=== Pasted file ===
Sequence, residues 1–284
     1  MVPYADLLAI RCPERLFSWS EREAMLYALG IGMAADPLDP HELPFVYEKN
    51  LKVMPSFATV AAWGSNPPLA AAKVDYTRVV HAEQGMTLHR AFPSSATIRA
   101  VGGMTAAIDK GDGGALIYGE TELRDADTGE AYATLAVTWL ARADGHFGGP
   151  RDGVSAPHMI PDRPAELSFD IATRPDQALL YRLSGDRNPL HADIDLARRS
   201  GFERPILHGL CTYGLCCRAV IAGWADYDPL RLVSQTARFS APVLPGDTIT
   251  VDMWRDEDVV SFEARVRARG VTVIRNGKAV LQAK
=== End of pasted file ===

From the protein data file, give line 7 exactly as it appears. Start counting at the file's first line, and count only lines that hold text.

   251  VDMWRDEDVV SFEARVRARG VTVIRNGKAV LQAK